This was a very different and, in its own way, adventurous night at the theatre.
In Jeanette Cronin’s play we find a forties something couple whose relationship is on the rocks. They have booked a night in a hotel room in the hope that they rekindle some of the old magic.
June suggests that they do some fantasy, role playing stuff. Straight way I am reminded of Harold Pinter’s classic play on this theme, The Lover.
Leo is up for it. June kicks off by suggesting that he leave the room and come back as Leo twenty years younger.
For the next hour and a half or so we are in the world of play – literally! Most of the time they are playing other characters and situations. For instance – Leo goes with Michelle. June is having an affair with Rob, Leo’s brother. On the side, Leo is also having an affair with Melissa, the nanny. Meanwhile, June is also bonking Helmut, her personal trainer. Continue reading JEANETTE CRONIN’S ‘I LOVE YOU NOW’ @ THE ETERNITY PLAYHOUSE→
Featured photo – Tara Moss signing copies of her book at North Sydney’s Stanton Library. All photos by Ben Apfelbaum.
Model, crime author and public speaker Tara Moss’ empowering and enlightening book SPEAKING OUT, aimed at inspiring girls and women, delivers on many levels. And it begs the question, why aren’t there more books written on this subject?!
In Moss’s forward she says, “Having a voice is part of what makes us human…Language connects us. Our voices connect us. When we are silent or unheard our ideals and perspectives, our needs, our pain and our struggles remain unknown or unacknowledged and for this reason unchanged.”
Moss continues with this line of thought- she “examines the challenges facing women and girls – the external obstacles of silencing, dismissals, bullying and threats of violence, and the internal challenges of crises of confidence…”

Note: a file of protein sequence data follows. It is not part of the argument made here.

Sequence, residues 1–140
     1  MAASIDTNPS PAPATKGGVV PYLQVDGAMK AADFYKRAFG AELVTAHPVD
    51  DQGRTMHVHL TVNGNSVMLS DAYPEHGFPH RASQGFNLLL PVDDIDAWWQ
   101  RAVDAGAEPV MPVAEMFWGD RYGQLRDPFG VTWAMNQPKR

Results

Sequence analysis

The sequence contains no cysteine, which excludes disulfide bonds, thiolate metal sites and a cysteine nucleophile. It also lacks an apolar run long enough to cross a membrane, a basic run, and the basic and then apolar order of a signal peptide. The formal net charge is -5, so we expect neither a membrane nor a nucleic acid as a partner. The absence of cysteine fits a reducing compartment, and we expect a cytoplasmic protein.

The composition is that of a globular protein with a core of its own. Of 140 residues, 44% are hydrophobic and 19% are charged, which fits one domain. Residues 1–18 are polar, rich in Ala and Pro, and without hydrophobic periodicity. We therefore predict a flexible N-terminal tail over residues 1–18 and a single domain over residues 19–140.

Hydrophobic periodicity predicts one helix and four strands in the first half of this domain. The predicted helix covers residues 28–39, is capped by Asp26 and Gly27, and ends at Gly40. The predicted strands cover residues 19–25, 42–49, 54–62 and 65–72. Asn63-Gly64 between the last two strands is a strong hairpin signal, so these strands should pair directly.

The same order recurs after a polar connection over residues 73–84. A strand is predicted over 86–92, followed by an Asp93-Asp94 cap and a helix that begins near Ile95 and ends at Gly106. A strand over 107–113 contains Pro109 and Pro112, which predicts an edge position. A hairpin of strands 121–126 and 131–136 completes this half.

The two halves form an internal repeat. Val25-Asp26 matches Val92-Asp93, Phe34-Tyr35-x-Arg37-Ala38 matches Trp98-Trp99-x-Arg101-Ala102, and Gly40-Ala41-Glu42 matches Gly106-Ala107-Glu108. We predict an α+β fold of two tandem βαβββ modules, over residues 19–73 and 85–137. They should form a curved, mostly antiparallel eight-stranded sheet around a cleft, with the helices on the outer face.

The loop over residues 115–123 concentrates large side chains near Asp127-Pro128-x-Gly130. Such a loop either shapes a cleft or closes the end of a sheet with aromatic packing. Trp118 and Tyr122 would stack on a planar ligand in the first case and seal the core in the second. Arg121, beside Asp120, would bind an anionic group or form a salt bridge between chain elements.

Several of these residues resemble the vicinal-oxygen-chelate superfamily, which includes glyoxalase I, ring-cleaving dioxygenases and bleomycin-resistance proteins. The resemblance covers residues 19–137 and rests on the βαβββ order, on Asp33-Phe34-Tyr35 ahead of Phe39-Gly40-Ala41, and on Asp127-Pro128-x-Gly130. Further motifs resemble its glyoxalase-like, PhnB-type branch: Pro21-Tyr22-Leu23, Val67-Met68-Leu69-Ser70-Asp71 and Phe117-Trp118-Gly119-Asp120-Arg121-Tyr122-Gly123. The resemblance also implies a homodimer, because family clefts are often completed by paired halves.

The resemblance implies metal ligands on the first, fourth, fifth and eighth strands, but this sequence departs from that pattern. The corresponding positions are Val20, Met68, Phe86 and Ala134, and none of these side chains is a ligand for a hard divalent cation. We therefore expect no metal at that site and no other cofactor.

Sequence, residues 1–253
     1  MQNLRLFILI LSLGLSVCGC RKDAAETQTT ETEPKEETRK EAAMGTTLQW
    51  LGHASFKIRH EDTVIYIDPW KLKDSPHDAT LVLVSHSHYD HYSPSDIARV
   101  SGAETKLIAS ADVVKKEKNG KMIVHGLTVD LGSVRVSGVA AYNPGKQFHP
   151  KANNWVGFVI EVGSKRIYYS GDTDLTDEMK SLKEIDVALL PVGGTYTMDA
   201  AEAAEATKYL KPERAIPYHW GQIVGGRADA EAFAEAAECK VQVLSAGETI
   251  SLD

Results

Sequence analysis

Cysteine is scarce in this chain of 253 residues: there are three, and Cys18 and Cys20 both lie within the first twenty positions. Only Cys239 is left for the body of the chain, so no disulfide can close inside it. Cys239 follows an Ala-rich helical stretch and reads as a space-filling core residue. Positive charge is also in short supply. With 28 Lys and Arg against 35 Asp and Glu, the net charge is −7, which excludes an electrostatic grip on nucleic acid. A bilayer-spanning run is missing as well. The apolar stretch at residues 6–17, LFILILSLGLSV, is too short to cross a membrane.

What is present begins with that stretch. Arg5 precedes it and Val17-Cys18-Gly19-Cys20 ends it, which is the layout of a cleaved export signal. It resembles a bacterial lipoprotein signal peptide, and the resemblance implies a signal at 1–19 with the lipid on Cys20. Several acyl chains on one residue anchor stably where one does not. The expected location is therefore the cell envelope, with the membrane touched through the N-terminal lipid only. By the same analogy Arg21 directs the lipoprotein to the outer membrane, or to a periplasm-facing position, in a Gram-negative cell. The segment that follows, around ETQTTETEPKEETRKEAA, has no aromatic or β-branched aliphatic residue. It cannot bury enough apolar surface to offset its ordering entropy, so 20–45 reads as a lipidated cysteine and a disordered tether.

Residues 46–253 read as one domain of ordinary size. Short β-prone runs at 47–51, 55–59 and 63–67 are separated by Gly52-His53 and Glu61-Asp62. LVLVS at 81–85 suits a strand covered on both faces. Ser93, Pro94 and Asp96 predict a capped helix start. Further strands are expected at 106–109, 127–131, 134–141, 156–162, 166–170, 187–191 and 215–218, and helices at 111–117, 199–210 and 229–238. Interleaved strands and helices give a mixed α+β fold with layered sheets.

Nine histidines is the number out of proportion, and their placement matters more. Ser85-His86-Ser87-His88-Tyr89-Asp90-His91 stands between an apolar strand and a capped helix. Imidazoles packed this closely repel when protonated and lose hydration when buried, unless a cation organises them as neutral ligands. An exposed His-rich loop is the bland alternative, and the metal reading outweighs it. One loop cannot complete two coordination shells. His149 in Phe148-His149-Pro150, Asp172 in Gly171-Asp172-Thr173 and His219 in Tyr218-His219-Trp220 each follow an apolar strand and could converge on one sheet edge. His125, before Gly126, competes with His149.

Above: CD cover : Celebrae (Klavier Music Productons K 11215) Featured Image : SCM Wind Symphony
The title of this CD, Celebrare (Klavier K11215) is borrowed from Carl Vine’sorchestral work of 1993, Celebrare Celeberrime : a celebration for orchestra which begins the recording in its fine wind band arrangement form.
This title’s reference to celebration is a perfect theme for this CD. The CD was produced following the centenary of the Sydney Conservatorium of Music, and live performances by SCM Wind Symphony at the institution’s Centenary Festival in 2015.
The recording, dated 2016, has been mastered with a pleasing bright clarity by Bruce Leek. This celebrates the sound of the school’s quality symphonic wind ensemble. The emergence of this CD also recognises the Sydney Conservatorium’s recent centenary as well as this music school’s efforts towards being at the international forefront of wind band interpretation. Two works on the recording were commissioned by the SCM Wind Symphony and appear as first recordings on this disc. Continue reading CD: ‘CELEBRARE’ – SYDNEY CONSERVATORIUM OF MUSIC WIND SYMPHONY→
Featured photo – Guest artist Michael Tsalka on harpsichord.
This was a very charming and delightful concert performed with delicacy and vigour. There was fine ensemble work by all and some dazzling harpsichord playing. Under the direction of Diana Weston we were privileged to welcome the return of Michael Tsalka on harpsichord.The program featured six short works. First we heard the elegant, quite operatic Johann Freidrich Fasch’s Overture arranged by Stephen Yates. This piece was stately yet lyrical and at times very fast paced.